Quality of life after adjuvant chemotherapy for breast cancer
- Cite this article as:
- Broeckel, J.A., Jacobsen, P.B., Balducci, L. et al. Breast Cancer Res Treat (2000) 62: 141. doi:10.1023/A:1006401914682
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Purpose.To evaluate the quality of life of breast cancer patients previously treated with adjuvant chemotherapy.
Method.Registry data were used to recruit a sample of breast cancer patients (N = 61; mean age = 51.6 years) with no current evidence of disease who had completed adjuvant chemotherapy between 3 and 36 months earlier (average = 15.87 months). In addition, a peer nomination procedure was used to recruit an age-matched comparison group of women with no history of cancer (N = 59; mean age = 51.5 years). Both groups were mailed a survey to complete that included the Medical Outcomes Study Short Form 36 (SF-36) and the Center for Epidemiologic Studies Depression Scale (CES-D). These data were used to test the hypothesis that breast cancer patients previously treated with adjuvant chemotherapy experience impaired quality of life relative to their peers and to identify demographic and medical factors associated with individual differences in patient quality of life.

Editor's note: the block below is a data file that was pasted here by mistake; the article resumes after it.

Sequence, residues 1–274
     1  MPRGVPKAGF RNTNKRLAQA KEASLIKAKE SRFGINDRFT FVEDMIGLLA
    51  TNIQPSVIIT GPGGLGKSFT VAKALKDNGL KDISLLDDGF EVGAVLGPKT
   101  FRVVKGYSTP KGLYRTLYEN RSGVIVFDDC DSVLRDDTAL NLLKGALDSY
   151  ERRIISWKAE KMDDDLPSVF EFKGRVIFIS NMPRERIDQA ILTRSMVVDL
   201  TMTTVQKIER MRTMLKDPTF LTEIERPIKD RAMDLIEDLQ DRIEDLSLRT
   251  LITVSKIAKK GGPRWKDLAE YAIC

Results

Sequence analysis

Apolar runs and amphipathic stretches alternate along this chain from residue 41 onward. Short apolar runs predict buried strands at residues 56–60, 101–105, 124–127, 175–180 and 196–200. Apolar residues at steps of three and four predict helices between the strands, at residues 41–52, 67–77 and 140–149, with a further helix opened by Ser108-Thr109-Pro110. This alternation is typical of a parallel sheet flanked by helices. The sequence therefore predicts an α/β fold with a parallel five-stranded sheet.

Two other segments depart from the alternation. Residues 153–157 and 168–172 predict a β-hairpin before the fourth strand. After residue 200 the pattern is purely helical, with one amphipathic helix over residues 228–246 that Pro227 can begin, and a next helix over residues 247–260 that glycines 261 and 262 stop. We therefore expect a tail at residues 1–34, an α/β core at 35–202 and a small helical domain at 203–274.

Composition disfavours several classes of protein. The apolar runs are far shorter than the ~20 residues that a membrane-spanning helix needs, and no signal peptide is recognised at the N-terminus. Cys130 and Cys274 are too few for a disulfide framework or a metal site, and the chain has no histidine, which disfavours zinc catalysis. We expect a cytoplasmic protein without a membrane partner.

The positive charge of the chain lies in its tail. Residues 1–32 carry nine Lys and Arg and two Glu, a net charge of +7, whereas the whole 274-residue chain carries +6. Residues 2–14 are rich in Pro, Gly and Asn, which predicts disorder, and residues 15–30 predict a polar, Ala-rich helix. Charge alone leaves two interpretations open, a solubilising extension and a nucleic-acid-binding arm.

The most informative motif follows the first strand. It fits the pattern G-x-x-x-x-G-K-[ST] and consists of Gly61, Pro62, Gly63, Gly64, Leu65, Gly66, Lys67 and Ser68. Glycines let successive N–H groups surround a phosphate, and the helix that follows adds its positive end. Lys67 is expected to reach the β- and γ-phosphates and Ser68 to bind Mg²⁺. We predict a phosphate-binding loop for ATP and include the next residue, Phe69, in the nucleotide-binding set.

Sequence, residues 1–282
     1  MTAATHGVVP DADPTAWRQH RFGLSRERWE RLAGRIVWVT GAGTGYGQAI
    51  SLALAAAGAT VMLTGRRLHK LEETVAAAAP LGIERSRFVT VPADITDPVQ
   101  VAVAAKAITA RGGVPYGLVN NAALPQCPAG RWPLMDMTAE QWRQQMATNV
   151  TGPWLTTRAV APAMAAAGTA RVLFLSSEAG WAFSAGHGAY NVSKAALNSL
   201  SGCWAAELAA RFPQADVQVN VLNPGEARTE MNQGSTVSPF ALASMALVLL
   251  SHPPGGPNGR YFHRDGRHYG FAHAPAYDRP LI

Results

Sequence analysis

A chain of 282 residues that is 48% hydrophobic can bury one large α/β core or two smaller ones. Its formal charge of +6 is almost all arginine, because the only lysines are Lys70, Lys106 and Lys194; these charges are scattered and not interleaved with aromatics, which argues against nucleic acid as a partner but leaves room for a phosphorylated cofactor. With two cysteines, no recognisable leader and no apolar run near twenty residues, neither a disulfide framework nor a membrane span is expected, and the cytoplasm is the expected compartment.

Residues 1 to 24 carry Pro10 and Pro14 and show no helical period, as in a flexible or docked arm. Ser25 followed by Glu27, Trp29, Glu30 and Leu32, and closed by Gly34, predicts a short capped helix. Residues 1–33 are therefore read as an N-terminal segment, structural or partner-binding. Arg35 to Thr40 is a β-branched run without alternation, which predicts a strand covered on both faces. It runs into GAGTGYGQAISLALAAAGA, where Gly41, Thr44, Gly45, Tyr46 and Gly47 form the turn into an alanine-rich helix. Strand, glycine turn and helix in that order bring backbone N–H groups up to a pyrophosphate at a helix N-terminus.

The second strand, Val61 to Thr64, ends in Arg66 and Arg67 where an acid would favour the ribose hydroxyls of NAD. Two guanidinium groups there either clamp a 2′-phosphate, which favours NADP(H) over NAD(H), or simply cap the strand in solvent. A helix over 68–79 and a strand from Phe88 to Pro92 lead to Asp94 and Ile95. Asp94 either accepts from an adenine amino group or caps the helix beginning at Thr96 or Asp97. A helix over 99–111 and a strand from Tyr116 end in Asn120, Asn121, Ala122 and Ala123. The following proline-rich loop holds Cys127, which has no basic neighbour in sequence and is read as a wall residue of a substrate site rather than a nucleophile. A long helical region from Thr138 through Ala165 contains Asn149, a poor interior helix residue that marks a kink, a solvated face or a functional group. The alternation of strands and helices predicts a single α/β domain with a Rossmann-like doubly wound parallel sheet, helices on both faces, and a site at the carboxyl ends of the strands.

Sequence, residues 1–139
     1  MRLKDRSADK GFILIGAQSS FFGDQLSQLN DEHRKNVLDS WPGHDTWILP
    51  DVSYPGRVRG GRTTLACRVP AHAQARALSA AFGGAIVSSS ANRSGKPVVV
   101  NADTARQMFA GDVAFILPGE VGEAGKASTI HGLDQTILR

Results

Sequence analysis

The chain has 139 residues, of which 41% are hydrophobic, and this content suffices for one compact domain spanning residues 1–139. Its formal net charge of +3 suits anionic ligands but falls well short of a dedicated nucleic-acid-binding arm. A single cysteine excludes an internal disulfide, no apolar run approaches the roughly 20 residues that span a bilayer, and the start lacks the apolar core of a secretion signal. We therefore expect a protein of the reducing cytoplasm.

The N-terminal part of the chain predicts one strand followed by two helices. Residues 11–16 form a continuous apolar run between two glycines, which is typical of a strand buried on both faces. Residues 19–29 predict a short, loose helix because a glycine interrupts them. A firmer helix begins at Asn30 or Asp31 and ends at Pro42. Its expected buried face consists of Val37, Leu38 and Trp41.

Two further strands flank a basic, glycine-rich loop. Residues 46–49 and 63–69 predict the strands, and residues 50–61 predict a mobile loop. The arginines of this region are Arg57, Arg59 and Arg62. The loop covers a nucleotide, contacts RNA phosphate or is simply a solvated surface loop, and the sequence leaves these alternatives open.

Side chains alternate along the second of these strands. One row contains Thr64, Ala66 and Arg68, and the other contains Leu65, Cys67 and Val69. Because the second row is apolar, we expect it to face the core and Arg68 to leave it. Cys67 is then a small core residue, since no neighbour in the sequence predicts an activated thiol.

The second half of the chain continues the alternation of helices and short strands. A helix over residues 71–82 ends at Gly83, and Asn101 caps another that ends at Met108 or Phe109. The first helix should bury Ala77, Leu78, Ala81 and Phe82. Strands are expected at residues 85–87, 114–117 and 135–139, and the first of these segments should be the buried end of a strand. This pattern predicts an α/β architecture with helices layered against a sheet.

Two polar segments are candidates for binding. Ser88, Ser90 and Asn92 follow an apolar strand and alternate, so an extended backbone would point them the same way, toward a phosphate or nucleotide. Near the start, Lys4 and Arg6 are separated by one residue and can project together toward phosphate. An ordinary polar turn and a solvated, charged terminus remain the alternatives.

Results.Consistent with predictions, the postchemotherapy group scored poorer than the noncancer comparison group on the CES-D and on six of the eight subscales as well as the physical component summary scale of the SF-36 (p < 0.05). With regard to individual differences in patient quality of life, younger age and unmarried status were positively related to poorer mental well-being and greater depressive symptomatology (p < 0.05). Time since cancer diagnosis and chemotherapy completion were also positively related to greater depressive symptomatology (p < 0.05). In contrast, none of the demographic or medical variables assessed were related to physical well-being (p > 0.05).
Conclusions.Breast cancer patients appear to experience problems in multiple quality of life domains following the completion of adjuvant chemotherapy treatment. Demographic and medical characteristics explain individual differences in mental but not physical aspects of patient quality of life. These findings demonstrate the need for interventions to improve the quality of life in breast cancer patients previously treated with adjuvant chemotherapy.